Oct. 19 will mark the 30th anniversary of Wall Street's Crash of 1987, where the Dow industrials fell some 22% in a single day -- which would be a 4,900-point drop if it happened today. In fact, stocks crashed in October 1907, 1929 and 2008 as well. Will this October be another one for the record books?

Let's review a few data points to get a feel for whether October 2017 will bring good cheer ... or rampant fear:

Stocks Are Expensive

U.S. stock valuations are currently very high by most standards.

In his most recent weekly column, John Hussman of the Hussman Funds advanced the argument that "what investors presently take as a comfortable environment of pleasant market returns and mild volatility is actually, quietly, the single most overvalued point in the history of the U.S. stock market."

In other words, the Dow and the other market indices aren't the only things at historically high levels. Stocks are historically overpriced, too.

Bonds Are Expensive, Too

Bond markets are also trading at lofty levels.

With many countries' benchmark interest rates close to zero or even negative, the Federal Reserve makes news when it talks about raising U.S. rates a lousy quarter of a percentage point.

We haven't seen the federal-funds rate above 6% since 2008, while it hasn't been at 10% since 1989. Are things really different this time, or have we reached the end of the so-called "debt supercycle"?

The stock market come November?
The stock market come November?

Lots of Red Ink

Debt is likewise at historically high levels.

Personal-, corporate- and government-debt levels are all at the breaking point, and any U.S. economic hiccup could make much of that difficult if not impossible to service. We should expect a recession to eventually hit an economy that's been expanding for eight years, but the resources that we'd need to deal with any contraction are extremely limited (if they exist at all).

Puerto Ricans are living through this right now. First they had a partial default on government obligations, and now hurricanes have devastated their island and its economy. When borrowers can't repay their debts, a new financial order must evolve.

Unfunded Pension Liability

Underfunded public and private pensions are a potential hydrogen bomb sitting at the U.S. economy's center.

It's abundantly clear that pensions are grossly underfunded, but while many people are debating ways to correct this problem, very little is actually getting done.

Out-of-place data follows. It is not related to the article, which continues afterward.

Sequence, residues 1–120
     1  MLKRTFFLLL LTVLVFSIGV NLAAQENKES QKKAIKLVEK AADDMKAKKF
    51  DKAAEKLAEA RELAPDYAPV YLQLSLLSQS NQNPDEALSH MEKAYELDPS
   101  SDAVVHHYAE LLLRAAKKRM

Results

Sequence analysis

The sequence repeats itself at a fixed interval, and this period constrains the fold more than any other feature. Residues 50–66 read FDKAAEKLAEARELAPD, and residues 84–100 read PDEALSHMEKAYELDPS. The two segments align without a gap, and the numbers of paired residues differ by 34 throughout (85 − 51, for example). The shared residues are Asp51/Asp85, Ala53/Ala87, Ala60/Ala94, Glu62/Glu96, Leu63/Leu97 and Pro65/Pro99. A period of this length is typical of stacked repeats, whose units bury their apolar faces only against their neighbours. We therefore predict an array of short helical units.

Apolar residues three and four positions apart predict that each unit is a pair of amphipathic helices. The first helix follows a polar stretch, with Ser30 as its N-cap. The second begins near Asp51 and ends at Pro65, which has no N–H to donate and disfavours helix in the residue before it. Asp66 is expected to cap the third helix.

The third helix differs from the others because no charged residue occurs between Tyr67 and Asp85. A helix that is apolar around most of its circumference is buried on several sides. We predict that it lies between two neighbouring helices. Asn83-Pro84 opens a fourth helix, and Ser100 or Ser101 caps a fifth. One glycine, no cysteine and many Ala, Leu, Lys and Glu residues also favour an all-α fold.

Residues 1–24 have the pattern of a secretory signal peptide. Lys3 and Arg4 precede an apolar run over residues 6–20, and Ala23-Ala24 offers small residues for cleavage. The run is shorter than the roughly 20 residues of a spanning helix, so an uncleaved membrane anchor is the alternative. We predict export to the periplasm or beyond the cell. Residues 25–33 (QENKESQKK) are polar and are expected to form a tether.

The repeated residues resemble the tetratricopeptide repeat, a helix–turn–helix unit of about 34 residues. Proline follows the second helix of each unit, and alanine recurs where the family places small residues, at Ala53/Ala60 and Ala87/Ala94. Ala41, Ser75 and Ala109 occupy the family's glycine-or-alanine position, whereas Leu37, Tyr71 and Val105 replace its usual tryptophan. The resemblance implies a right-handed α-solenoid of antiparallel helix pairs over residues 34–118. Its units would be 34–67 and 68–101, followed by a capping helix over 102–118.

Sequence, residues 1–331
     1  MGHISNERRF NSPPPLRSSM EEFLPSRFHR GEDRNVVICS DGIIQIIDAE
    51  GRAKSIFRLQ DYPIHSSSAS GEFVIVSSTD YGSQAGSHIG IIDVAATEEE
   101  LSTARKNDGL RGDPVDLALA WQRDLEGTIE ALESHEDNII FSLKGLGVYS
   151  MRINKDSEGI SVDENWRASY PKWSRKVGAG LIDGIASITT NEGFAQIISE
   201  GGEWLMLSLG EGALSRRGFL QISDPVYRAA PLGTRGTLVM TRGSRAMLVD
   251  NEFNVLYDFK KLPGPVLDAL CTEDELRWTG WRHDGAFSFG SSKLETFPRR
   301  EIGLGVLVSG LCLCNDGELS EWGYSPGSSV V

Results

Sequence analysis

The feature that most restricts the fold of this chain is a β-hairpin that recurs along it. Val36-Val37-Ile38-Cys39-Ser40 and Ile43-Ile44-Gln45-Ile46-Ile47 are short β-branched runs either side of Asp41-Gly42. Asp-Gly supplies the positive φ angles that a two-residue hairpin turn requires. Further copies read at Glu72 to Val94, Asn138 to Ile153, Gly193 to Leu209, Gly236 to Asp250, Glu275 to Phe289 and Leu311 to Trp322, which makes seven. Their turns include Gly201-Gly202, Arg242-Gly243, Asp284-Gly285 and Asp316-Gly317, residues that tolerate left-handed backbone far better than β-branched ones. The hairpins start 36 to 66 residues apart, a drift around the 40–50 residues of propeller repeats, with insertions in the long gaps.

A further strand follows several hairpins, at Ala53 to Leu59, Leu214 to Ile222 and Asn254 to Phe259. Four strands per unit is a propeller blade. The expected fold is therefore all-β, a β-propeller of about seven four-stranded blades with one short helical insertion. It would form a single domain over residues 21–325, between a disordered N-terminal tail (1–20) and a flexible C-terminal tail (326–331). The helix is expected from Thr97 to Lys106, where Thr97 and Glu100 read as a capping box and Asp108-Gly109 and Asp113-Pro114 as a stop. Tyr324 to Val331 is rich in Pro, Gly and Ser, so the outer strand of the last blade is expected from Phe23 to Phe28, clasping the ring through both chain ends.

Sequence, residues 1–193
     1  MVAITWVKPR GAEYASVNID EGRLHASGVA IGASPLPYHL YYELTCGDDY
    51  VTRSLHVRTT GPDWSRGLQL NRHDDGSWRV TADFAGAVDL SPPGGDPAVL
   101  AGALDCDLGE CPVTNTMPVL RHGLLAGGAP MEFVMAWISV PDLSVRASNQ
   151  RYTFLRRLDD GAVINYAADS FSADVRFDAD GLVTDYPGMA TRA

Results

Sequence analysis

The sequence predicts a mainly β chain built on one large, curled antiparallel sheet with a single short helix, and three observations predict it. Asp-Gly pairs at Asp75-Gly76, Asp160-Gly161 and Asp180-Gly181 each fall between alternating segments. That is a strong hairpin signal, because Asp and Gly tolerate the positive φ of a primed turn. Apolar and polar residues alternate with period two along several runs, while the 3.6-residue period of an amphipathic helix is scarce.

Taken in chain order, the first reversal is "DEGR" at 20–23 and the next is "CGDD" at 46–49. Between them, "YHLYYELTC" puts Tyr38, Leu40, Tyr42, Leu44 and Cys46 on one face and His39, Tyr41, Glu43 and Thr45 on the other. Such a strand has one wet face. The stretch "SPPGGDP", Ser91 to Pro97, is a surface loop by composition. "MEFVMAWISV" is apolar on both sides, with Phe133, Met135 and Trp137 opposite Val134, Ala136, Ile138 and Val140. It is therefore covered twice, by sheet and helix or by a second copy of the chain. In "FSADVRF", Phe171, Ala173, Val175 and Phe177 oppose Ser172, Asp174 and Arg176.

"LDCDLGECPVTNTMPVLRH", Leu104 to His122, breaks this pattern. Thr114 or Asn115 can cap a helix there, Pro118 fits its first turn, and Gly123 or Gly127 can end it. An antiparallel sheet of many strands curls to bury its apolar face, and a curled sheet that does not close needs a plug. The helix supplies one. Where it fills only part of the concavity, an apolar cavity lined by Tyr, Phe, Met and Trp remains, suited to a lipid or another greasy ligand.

Unfortunately, the problem will get much worse if equity markets see a significant correction. Any loss of principal will drastically affect pension solvency, and the math will quickly become untenable.

The devastation would be immense. Personal, corporate, and governmental budgets would get busted and the whole system would need a reset.

The Markets Don't Care ... Until They Do

Of course, the North Korean crisis certainly hasn't caused markets to panic -- and if the threat of nuclear war doesn't scare investors, nothing will, right?

Perhaps, but I believe financial-market weakness will be on full display this October, which will cause uncertainty. That can lead to doubt, which could lead in turn to fear -- which sometimes results in one of the great panics that we've seen in Octobers gone by.

Consider the fact the Fitch Ratings recently downgraded the debt of Deutsche Bank DB to BBB+. This major European bank continues to struggle, but it's not the only one that's in trouble. Several Spanish and Italian banks are also barely above water. These are all cracks in a globally connected financial system.

China -- the world's No. 2 economy, is also showing signs of stress. Shadow banking accounts for 80% of the financing needed to support Beijing's GDP, but tales of fraud and abuse continue to plague Chinese investors.

Here at home, U.S. student-loan and credit-card delinquencies are on the rise. The system has absorbed the losses so far, but the future remains uncertain.

How to Play Things

The tiniest snowflake can cause an avalanche in an unstable system -- but fortunately, there's still time to prepare.

I recommend seeking out safe-haven assets like gold and silver. Resist the hype to do otherwise.

As J.P. Morgan once famously said: "Gold is money. Everything else is just credit." My advice: Hold some "real money" and watch history unfold.

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